How to identify a bad client — The Ultimate Guide
Ok, so, you land a new client, awesome! After communicating for a few days you sign the contract. Fast forward a few weeks, the entire scope of the work has changed, they cost you more than they paid, the stress keeps you up at night, and you simply cannot work with them.
Does this sound familiar?
First of all, let me clear up the title: there are no bad clients. Problems manifest in a relationship between the service provider and the client, a single party is hardly ever to blame.
Certain types of clients tend to attract certain types of providers that create awful relationships, and some service providers act in certain ways that make any client relationship very hard.
It’s important to get a feel for when this is happening and know whether to start at all, and when to stop. Cutting both of your losses after something not working out is not a problem.
“No deal is better than a bad deal”
This is for people offering services or products that solve complex and/or specific problems that your client cannot himself solve. If your client is at point A, your skills should help them get to point B. However, unless they are a perfect client, point B might not be where they truly want to be, and they might not be at point A, so you should feel comfortable helping them find point A, and suggesting a point C or D that better fits their goals, budget, and time constraints.
One thing to keep in mind: clients are not your friends, and you’re not theirs, it’s a purely conditional relationship that even comes with legally binding contracts. They may act friendly, but their goal is to get as much as possible from you for as cheap as possible, and your goal is to give your services for as much money as possible, quite conflicting. Things they say or do may sound friendly, but it’s all a game. This is no problem, you just need to learn to play the game, simple!
What if you could detect this on the first time you meet without fail? Well, this list aims to help with that. I compiled personal experiences and a lot of listicles found on the web(sources at the end) and made this list.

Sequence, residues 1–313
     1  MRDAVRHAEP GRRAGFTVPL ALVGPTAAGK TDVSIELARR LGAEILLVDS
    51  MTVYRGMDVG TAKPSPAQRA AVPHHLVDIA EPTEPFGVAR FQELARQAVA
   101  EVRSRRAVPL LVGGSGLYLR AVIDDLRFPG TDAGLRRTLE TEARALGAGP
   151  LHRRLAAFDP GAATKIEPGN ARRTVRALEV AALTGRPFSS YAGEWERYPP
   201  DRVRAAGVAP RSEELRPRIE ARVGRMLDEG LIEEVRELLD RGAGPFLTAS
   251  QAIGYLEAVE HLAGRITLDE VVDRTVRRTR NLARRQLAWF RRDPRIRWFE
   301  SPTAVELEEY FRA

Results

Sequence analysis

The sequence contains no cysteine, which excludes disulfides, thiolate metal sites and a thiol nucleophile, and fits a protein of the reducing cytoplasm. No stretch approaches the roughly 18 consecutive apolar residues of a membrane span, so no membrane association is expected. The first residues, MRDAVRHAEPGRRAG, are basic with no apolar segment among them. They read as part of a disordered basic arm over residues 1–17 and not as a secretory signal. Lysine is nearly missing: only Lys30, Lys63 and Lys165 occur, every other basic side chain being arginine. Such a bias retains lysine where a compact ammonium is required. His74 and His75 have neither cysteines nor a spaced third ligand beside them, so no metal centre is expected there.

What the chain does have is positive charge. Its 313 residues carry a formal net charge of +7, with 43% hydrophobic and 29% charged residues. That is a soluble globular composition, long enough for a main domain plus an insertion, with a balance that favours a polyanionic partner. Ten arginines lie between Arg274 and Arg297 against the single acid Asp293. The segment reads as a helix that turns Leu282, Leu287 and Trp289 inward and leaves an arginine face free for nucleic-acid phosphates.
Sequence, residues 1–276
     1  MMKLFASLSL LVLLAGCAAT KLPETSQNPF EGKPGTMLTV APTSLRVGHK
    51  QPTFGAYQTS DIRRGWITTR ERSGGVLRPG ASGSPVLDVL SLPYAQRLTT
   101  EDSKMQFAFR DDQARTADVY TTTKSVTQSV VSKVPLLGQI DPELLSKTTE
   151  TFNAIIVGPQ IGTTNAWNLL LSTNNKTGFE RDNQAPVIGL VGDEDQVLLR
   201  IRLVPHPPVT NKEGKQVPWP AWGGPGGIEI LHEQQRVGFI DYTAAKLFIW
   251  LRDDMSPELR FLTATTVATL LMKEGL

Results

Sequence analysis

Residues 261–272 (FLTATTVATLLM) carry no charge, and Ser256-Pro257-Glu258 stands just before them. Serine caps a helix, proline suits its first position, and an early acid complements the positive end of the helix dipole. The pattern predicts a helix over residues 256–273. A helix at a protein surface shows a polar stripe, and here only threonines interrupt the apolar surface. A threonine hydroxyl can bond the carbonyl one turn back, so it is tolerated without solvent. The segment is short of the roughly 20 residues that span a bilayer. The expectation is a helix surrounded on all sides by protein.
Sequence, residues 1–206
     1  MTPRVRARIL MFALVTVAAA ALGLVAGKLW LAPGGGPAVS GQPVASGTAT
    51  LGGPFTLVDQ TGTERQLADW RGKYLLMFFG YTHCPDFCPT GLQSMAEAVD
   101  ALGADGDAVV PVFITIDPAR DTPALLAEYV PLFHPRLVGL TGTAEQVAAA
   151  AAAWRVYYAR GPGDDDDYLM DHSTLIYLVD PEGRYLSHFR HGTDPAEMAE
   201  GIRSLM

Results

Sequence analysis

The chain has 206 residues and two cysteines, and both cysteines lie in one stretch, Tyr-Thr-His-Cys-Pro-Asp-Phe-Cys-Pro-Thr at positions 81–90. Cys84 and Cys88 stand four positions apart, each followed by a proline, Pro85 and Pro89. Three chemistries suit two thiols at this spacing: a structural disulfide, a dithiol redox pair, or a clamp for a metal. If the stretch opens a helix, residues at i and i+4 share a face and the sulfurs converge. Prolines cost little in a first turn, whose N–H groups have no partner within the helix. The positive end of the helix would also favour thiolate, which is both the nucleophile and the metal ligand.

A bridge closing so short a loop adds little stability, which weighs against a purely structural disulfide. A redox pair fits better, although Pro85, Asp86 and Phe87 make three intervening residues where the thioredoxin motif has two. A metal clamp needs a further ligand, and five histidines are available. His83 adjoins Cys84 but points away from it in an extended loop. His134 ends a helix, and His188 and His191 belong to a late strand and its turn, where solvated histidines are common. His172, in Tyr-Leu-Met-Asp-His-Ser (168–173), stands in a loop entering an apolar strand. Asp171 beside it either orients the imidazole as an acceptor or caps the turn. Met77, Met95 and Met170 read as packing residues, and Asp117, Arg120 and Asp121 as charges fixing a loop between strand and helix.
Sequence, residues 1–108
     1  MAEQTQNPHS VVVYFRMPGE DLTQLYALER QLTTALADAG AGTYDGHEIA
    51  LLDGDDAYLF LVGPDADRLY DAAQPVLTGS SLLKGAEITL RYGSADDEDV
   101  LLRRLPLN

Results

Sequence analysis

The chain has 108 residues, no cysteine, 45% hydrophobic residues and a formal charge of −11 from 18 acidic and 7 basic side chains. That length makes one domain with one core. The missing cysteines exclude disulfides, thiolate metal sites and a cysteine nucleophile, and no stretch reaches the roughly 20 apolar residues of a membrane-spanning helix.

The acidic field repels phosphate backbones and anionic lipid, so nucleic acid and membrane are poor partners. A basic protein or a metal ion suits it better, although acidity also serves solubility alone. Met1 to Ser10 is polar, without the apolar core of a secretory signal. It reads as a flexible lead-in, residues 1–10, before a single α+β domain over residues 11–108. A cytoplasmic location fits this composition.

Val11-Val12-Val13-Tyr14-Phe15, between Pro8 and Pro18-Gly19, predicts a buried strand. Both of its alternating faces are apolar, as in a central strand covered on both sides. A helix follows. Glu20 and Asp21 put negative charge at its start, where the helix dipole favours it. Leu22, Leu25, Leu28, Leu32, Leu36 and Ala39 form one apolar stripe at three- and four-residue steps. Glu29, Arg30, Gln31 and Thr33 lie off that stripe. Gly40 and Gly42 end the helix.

The ideal professional
Before I start to bash hypothetical clients I want to mention that unprofessional service providers will very often turn what would otherwise be good client relationships into awful ones.
If you feel uncertain about your skills, make it clear to your possible customer, get an internship, and/or develop a mentor relationship with someone that is where you want to be. You will develop your skills faster and with much less weight on your shoulders this way.
If you omit your lack of skills and deliver shitty work for incredibly cheap, chances are you will still be praised, not because of your skill, but because you’re cheap. This won’t help you in the long run, it’s fake praise by someone that doesn’t know anything about what you do. You’re setting yourself up to always be doing shitty work for below market value, who wins in this situation?
You likely have preferred methods of communication, timing, meeting style, and a schedule. Make this clear, your client’s respect(or lack of it) towards your rules are clear in showing you who you’re working with.
Some rules need to be written and agreed upon, others not. I’m not going to accept a client’s facebook friend request, but there’s no need to put that on the contract.
Examples I personally like to use:
- Meetings have an agenda, or else they’re not meetings and just waste everyone’s time.
- Meetings require preparation before the fact, I don’t want to spend 20 minutes briefing you with content you could have read yourself.
- Meetings cannot be longer than 30 minutes, but two 30 minute meetings back to back with a break is OK.
- If we’re not meeting in person, I communicate between XX:XX and ZZ:ZZ Monday to Friday.
- My deadlines are affected by how long it takes you to give me what I need to make said deadline, this has to be clear on the contract.